Trading secrets on the playground or in the halls of government can win you cohorts and clout. Trading secrets in the business world can get you a pair of handcuffs and the prospect of spending up to 30 years in prison.
In two separate incidents this week, federal prosecutors charged six individuals with stealing confidential information from major corporations with the intention of turning it over to competitors.
In Atlanta, three people were accused of pilfering classified material, including a small sample of a new drink, from Coca-Cola Co. and offering to sell it to chief soft-drink rival PepsiCo for $1.5 million.
In Detroit, three former employees of an auto supplier were charged with sharing the company's manufacturing secrets with Chinese competitors. The trio's rewards would come down the road through commissions based on sales the Chinese companies would make by using the intelligence.
To its credit, Pepsi dropped a dime on the alleged information thieves and notified Coke, which in turn called in the feds. It can be assumed that both soft-drink peddlers look sternly upon anyone who would dare reveal their secret formulas and that they respect the privacy of each other's corporate inner sanctums. Either that or the sample new drink offered to Pepsi was too much like the so-called New Coke the Atlanta company released in 1985. We can't confirm - or forget - the rumor that New Coke, which was discontinued seven years after its debut, was a Pepsi knockoff.
Stealing actual secret formulas in order to duplicate a product is a serious offense. Some instances, such as the alleged theft of the auto supplier's intelligence, fall under the harsh-sounding U.S. Economic Espionage Act. But sometimes mimicking another product is a sin more acceptable in the corporate world. That seems to be the case with Old Bay Seasoning, the quintessential crab flavoring developed more than 60 years ago by German immigrant and spice grinder Gustav Brunn in Baltimore.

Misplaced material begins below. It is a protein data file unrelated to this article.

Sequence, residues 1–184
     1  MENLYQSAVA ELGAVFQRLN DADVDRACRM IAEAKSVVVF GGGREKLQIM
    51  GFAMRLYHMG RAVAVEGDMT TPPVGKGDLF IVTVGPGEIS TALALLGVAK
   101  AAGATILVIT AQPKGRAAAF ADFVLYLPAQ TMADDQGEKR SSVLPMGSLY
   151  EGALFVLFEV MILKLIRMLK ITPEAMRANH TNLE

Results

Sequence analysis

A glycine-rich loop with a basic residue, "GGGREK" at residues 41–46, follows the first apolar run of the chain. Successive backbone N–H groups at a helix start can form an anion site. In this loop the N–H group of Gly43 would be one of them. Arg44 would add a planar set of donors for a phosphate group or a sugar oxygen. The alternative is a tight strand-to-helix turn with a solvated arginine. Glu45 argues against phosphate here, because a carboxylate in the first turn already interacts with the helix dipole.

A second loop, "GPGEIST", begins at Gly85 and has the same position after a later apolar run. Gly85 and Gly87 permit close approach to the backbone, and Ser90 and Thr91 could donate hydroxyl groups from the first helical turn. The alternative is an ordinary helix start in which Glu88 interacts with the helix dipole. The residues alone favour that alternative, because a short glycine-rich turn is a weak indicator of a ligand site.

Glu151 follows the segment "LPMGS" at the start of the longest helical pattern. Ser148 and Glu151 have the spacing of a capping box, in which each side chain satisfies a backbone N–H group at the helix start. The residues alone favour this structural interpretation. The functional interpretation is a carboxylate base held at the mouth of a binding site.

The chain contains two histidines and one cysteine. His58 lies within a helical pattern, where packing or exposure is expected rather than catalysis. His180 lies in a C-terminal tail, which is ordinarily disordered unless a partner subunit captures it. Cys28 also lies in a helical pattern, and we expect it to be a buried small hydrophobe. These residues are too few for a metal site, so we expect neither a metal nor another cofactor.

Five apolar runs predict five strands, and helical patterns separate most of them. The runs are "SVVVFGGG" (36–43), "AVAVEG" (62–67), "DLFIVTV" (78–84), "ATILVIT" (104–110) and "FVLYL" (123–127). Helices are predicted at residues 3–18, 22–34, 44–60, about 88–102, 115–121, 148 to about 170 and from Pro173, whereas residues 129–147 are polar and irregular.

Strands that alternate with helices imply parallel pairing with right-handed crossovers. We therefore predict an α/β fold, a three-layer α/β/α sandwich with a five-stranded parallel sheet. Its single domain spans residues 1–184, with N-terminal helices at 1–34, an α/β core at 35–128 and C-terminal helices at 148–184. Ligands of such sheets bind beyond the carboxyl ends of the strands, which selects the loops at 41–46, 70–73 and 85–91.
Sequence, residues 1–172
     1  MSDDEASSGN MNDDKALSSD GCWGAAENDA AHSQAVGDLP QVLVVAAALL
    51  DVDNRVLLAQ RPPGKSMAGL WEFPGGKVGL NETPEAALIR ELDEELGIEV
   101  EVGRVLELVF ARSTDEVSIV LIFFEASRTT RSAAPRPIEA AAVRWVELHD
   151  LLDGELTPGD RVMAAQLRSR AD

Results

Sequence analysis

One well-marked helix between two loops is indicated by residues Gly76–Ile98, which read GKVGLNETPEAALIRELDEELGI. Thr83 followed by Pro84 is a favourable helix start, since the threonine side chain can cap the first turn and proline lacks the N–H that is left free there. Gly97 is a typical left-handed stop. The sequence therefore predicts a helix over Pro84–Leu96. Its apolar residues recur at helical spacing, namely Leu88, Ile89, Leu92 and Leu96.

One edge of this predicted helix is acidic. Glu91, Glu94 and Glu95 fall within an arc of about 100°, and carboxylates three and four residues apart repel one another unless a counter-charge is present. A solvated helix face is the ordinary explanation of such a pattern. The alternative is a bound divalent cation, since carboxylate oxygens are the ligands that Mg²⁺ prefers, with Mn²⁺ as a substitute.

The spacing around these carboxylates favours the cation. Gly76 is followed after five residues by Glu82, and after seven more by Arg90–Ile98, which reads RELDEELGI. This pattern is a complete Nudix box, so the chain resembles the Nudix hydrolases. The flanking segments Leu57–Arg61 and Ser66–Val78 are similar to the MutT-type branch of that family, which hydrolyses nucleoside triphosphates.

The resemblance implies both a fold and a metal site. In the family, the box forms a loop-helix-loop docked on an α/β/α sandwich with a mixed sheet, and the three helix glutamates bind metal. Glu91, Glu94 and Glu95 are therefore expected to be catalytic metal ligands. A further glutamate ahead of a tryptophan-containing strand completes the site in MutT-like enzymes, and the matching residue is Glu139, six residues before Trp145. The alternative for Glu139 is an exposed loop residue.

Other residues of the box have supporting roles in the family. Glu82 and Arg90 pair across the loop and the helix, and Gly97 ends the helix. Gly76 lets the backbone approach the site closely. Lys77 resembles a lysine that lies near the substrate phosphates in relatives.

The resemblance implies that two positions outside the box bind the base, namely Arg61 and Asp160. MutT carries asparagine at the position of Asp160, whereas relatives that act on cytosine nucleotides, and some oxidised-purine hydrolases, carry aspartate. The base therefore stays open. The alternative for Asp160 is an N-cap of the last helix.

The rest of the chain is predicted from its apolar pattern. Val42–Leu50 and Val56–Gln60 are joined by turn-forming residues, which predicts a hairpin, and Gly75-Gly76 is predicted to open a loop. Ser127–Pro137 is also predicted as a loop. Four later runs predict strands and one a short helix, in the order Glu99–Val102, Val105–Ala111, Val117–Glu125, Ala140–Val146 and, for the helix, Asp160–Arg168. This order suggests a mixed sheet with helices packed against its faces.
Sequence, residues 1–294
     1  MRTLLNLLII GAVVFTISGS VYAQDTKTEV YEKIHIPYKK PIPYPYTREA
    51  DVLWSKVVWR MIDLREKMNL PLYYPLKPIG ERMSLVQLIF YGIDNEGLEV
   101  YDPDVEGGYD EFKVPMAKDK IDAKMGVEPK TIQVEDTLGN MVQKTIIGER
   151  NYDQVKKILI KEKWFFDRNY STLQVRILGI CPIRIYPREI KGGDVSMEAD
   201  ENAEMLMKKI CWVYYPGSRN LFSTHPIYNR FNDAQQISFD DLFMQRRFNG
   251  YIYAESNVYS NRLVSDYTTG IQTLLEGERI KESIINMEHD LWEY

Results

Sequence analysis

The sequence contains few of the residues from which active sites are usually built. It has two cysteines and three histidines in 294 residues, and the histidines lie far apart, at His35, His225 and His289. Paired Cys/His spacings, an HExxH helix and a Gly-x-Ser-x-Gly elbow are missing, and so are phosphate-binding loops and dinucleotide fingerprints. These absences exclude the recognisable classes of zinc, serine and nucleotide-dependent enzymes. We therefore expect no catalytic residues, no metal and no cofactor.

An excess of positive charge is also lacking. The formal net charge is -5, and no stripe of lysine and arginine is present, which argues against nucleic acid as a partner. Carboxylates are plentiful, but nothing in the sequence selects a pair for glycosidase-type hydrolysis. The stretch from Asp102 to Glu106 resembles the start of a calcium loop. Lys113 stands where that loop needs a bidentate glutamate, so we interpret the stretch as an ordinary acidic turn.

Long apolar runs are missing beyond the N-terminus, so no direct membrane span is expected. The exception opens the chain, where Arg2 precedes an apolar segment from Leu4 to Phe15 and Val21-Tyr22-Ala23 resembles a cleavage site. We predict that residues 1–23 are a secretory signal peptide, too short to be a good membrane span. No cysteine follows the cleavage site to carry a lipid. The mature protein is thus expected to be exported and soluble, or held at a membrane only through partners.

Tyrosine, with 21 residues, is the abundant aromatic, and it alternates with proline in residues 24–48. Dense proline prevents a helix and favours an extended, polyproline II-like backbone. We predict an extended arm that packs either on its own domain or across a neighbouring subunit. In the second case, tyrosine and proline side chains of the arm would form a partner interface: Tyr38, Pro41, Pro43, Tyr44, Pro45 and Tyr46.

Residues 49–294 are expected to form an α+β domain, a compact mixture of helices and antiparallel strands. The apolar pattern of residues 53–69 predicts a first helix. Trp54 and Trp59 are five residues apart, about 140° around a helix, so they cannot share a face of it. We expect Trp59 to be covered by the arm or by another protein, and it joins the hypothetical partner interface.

Old Bay is so favored in Maryland as a seafood (and poultry) seasoning that if you don't have at least one of the blue and yellow cans of the stuff in your cupboard, your neighbor likely does. In its marketing material, McCormick & Co., which bought Old Bay in 1990 and moved its operations to Hunt Valley, likes to point out that inventor Brunn developed his own secret recipe. And while the concoction's ingredients are listed on the side of the can in plain sight, Old Bay officials say only their spicemeisters know the correct proportions.
A cursory look through online food sites produces not only lots of Old Bay knockoffs but also a few copycat recipes that purport to be right on the money. They all can't be correct. One site lists eight spices in its recipe. A different site insists 11 spices are required to duplicate Mr. Brunn's particular amalgam. Old Bay doesn't seem to mind, at least not enough to sic the legal department after the site owners. Anyway, the thinking at McCormick is if someone wants to duplicate Old Bay and buys the ingredients from McCormick, the company comes out ahead financially. (For the record, Old Bay contains celery salt, mustard, red pepper, black pepper, bay leaves, cloves, pimento, ginger, mace, cardamom, cinnamon and, of course, paprika.)
There might be another reason that McCormick doesn't threaten to bludgeon its imitators and duplicators with the Espionage Act or, at the state level, the Maryland Uniform Trade Secrets Act. Old Bay is sold in mom-and-pop shops and in the Chesapeake region's food chains, including some of the fancier markets that are putting together their own private-label products. Not surprisingly, a few of the private-label products are seafood seasoning. If McCormick raised a fuss about what it thought was an improper knockoff of its Old Bay standby, the market might just send the spicemaker packing.
That doesn't seem totally fair, but then Old Bay is not Coke or Pepsi. And if there are enough crabs to go around, maybe it really doesn't matter.